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Soy Allergy : Common Food Uncommon Allergy

When I think of soy I don’t think that it is a common type of food ingredient. I typically associate it with Chinese food and soy sauce so I thought a soy allergy shouldn’t be that big a concern. Unfortunately for those that have a soy allergy it is contained in more foods than I thought.

When a person develops a food allergy like a soy allergy the immune system malfunctions and identifies a type of food as a potentially harmful substance to the body. The immune system responds by producing antibodies called immunoglobulin (IgE’s) that create histamines to help protect the body from these “harmful” substances. The result is symptoms like a runny nose, watery eyes, hives and itching, wheezing and gastrointestinal problems. Some people will have an intolerance to certain types of food instead of an actual food allergy. While this condition may include similar symptoms to a food allergy as far as a stomach upset and pain, the immune system is not involved. Food allergies can be a reaction to nearly any type of food, but the most common triggers are milk, eggs, fish, and legumes which can include soy products.

So Where is Soy Found?

Soy can be used as an ingredient in many foods that you would never consider. Some of these are:

  • Ice Cream
  • Tofu
  • Vegetable Broth
  • Vegetable Protein
  • Salad Dressings
  • Vegetable Oil
  • Mayonnaise
  • Margarine…

Since soybeans are a legume, if you suffer from a soy allergy, you may also have a reaction to related foods like beans, peas and peanuts as well. The symptoms of soy allergies can run the spectrum. Some reactions to these products will be mild and include itching, wheezing or diarrhea. There are many other symptoms that can appear as well, and some can become quite severe.

Can a Soy Allergy be Prevented?

While food allergies affect a small percentage of the population, the number can still translate into millions of people in this country who suffer from some type of food allergies. Statistics show that the percentage of the population who is diagnosed with a soy allergy is at about .5%. Often this type of allergy is found in children, and many times it is not detected until the second or third exposure to the food.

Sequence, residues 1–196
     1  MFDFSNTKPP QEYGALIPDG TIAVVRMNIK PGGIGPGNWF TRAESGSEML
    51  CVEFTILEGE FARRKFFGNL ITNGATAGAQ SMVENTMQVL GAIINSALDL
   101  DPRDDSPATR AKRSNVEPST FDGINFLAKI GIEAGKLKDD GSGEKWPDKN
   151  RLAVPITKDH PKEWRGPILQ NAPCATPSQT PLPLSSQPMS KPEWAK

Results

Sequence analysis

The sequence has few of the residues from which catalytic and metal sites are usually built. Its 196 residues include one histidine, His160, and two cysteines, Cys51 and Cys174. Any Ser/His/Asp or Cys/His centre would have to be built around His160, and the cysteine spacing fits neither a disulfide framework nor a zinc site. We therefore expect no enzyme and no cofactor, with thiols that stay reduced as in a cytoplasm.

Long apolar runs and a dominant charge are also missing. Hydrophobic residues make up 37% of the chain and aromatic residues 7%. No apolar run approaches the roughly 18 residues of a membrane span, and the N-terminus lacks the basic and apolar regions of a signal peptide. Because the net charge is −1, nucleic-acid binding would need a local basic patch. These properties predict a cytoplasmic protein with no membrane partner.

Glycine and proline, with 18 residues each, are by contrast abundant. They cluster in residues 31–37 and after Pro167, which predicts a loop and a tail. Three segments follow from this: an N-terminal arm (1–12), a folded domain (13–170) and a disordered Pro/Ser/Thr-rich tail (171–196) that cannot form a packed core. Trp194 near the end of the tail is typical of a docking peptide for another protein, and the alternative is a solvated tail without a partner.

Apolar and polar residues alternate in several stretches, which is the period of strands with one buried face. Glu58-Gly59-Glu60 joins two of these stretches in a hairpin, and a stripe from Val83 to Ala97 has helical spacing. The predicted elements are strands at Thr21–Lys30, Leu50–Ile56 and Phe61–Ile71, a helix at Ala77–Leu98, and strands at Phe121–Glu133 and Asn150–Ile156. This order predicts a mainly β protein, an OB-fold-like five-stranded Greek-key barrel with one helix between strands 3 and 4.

There are some ways to cut down on the chances of developing a soy allergy. Doctors recommend that mothers nurse their babies for at least the first six months of life. It is also a good idea to wait until your child is at least six months old before offering any solid foods. This will not only reduce the risk of an infant soy allergy, but may cut down on the incidence of other food allergies throughout life as well.

A soy allergy is a potentially dangerous condition and should be definitively diagnosed by your doctor and allergist. You should also see a dietician whenever a food allergy is involved. They can help you not only avoid the food involved but also lead you toward choices that can replace some of those cravings a soy allergy can deprive you of.

Sophie-Safe Cooking: A Collection of Family Friendly Recipes that are Free of Milk, Eggs, Wheat, Soy, Peanuts, Tree Nuts, Fish and Shellfish

Sophie-Safe Cooking: A Collection of Family Friendly Recipes that are Free of Milk, Eggs, Wheat, Soy, Peanuts, Tree Nuts, Fish and Shellfish

Sophie-Safe Cooking: A Collection of Family Friendly Recipes That are Free of Milk, Eggs, Wheat, Soy, Peanuts, Tree Nuts, Fish and Shellfish
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One Response to “Soy Allergy : Common Food Uncommon Allergy”

  1. Charlyn Hawk says:

    I’m looking for help with with new foods that don’t have soy or egg free and no barley. Can anyone help? It’s so hard to find things that don’t have these things in them.

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